Setting out on a brief circuit of the little bay with a skilled local rower, I was able to see a mid-sized jellyfish and a shoal of baby pufferfish up close and in vivid detail, while enjoying a view of distant mountain peaks over on the mainland.

For much of its history, Sado was consigned to relative obscurity and even served as a place of banishment for political crimes. That changed in the 17th century, however, when a rich vein of gold was discovered in its mountains. A mine known as Sado Kinzan was established and soon became the most productive in all of Japan, while the nearby town of Aikawa quickly grew to a population of 50,000, putting it on a level with some of the leading cities of its day.

In the original 17th century section of the mine, the working lives of its historical miners are brought to life through a series of detailed tableaus, revealing the equipment used and hazards faced all in a day's work.

Equally impressive is the mine's museum, with a series of detailed exhibits charting its history and complex working culture.

We ended our visit with a look at the mine's separate modern section, which remained in use until 1989 and retains much of its original equipment.

Just a short drive from the mine itself are the ruins of another important part of its operations. Built in the 1930s, the Kitazawa Flotation Plant could process up to 50,000 tons of ore in a single month - extracting gold and silver using a technique previously used only for copper.

By the 1950s the mine's output had begun to drop-off, and while mining would continue at a reduced level for a few more decades, the flotation plant was abandoned and soon fell into ruins. Although the buildings themselves remain off-limits, visitors are allowed onto the site to see them up close, and there is something quite atmospheric about the way nature has begun to reclaim them, peeling back the surface to reveal the concrete and metal skeletons underneath.

After exploring the ruins, it was time to make a stop for lunch at Mochidaya, a cosy restaurant run by a local fishmonger. Settling down at a traditional low table, we were soon digging into a generous plate of delicious, fresh seafood.

For our second to last stop on the island, we made our way to another reminder of its historic importance. Following the discovery of its gold in 1602, Sado quickly joined a handful of Japan's most strategically vital sites in being brought under the direct control of the Shogun, from his seat of power in what is today Tokyo.

The shogun appointed a magistrate, who governed the island from his headquarters here in the town of Aikawa. Known as the Bugyosho, this building served as a center of government, as well as every aspect of the mine's administration.The building was reconstructed in the year 2000 to celebrate the 400th anniversary of the mine's opening.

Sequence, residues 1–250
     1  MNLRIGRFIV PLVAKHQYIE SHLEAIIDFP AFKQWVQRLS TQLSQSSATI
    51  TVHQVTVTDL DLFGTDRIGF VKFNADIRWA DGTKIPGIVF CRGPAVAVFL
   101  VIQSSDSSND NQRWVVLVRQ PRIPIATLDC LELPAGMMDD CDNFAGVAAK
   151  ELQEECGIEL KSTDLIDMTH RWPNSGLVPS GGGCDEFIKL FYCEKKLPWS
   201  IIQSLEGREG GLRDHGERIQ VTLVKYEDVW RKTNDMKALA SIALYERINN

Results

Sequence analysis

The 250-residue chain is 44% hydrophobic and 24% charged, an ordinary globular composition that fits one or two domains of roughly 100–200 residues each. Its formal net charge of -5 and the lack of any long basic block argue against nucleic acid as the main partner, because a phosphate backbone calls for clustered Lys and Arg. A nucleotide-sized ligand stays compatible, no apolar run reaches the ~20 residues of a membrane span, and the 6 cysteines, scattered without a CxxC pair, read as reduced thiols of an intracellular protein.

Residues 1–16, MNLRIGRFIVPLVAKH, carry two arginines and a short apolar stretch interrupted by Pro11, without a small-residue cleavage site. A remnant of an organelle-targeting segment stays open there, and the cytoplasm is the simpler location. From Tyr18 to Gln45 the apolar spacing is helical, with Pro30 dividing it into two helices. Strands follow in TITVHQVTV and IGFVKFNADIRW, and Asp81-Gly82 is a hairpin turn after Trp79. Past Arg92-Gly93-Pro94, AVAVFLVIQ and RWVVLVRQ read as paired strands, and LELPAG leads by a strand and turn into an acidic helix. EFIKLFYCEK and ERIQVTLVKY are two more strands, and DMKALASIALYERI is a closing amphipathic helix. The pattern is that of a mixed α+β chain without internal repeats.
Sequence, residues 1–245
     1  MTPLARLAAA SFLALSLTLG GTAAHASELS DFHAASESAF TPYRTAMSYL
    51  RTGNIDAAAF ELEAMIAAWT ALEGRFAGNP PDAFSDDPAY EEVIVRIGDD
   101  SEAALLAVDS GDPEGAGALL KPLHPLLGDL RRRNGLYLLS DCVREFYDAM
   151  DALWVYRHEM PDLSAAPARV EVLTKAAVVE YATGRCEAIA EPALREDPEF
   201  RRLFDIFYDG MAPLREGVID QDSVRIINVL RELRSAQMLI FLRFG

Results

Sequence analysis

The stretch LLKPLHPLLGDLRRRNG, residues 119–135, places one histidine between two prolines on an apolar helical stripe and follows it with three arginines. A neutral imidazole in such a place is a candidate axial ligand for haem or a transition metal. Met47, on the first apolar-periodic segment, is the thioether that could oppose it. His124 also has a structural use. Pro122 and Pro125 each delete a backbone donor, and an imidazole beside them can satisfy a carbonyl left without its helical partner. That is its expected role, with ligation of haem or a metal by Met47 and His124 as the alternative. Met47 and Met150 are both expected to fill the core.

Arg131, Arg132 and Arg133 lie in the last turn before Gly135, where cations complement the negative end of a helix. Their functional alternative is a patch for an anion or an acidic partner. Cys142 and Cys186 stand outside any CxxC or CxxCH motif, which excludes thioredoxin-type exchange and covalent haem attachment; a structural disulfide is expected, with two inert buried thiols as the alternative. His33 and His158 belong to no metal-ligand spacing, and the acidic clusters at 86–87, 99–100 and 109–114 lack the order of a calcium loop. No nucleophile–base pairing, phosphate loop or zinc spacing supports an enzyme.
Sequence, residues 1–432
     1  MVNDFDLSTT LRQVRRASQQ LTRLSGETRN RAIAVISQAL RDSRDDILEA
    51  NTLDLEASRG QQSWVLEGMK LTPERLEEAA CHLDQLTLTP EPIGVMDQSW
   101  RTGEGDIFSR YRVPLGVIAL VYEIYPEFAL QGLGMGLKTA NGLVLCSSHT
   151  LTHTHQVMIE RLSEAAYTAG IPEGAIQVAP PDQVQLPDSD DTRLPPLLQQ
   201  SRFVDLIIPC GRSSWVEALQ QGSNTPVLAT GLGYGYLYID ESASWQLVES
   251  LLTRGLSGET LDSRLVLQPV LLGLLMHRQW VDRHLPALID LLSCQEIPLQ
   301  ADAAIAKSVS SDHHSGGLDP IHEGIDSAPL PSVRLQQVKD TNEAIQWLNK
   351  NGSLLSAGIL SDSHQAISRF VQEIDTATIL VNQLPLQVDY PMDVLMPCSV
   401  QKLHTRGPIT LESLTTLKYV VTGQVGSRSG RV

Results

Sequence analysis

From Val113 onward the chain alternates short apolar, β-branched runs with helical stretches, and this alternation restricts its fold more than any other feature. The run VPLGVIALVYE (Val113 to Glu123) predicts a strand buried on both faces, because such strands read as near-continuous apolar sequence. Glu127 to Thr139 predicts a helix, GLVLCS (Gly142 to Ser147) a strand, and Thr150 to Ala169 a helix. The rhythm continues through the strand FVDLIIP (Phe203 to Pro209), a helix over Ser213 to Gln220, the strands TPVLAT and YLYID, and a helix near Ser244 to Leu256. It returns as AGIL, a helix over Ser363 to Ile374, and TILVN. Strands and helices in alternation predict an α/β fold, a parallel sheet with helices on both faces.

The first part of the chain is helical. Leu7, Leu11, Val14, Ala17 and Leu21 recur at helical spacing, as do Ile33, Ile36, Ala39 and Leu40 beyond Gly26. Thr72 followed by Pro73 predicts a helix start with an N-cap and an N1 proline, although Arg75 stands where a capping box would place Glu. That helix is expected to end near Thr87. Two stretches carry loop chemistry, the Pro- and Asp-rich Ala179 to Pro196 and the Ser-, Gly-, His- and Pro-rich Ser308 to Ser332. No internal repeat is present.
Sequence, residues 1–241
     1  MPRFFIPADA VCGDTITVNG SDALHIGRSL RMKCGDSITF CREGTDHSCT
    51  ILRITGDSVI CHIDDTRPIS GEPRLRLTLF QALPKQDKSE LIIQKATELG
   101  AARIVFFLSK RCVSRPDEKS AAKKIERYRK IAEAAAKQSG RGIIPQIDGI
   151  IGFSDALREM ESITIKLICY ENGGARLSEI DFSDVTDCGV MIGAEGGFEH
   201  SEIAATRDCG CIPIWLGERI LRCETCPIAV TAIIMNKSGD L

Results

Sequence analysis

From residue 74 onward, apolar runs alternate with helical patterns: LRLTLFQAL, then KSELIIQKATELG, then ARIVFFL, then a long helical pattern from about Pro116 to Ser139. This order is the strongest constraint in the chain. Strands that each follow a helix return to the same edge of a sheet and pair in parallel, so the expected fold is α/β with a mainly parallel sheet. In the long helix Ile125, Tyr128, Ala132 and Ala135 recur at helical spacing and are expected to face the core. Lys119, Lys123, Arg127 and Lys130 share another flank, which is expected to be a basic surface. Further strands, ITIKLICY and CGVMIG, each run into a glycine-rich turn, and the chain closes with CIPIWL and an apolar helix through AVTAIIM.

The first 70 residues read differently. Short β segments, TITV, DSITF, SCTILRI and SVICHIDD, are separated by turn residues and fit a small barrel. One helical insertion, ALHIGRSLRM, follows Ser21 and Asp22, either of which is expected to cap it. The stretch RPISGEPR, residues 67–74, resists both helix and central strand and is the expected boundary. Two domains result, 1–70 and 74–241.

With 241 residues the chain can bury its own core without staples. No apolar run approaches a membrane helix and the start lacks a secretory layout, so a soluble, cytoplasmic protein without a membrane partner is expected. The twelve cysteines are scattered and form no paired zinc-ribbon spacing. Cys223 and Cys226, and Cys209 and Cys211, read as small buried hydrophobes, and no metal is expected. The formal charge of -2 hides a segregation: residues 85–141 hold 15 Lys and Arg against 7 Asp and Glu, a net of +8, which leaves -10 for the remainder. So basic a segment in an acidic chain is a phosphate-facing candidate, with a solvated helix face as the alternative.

It was almost time to leave the island, but there was still time for one last stop. Located just a short walk from the Bugyosho behind a concrete wall covered in ivy is the now abandoned Old Aikawa Detention House - a former prison now open to the public.

Built in 1954 and abandoned just 18 years later, it's a sombre but remarkably atmospheric space, now free to enter with some of its original furniture and trimmings still intact.

With that, our time on Sado was at an end, and we began to thread our way back towards the port. From weatherbeaten landscapes and a community reclaiming lost spaces through art to experiencing a part of Japan truly off of the beaten track, it had been an endlessly absorbing three days packed with interesting experiences.


From Tokyo, take the Joetsu Shinkansen to Echigo-Yuzawa Station (80 minutes, around 6,500 yen) and change to the Hokuetsu Express for Tokamachi Station (around 30 minutes, 670 yen). The shinkansen portion of the journey is covered by the Japan Rail Pass, but the ride on the Hokuetsu Express is not fully covered.

As public transport in the Echigo-Tsumari region is limited, a rental car is recommended as the best way to get around. Bicyles can also be rented locally as an alternative.

Sado Island can be accessed from Niigata City via the main port of Ryotsu by jetfoil (1 hour, 6,700 yen per person) or by car ferry (2.5 hours, 2,600 yen per person or 17,500 yen for an average sized car).

Although Sado boasts a fairly comprehensive bus network, a rental car is still by far the most convenient option.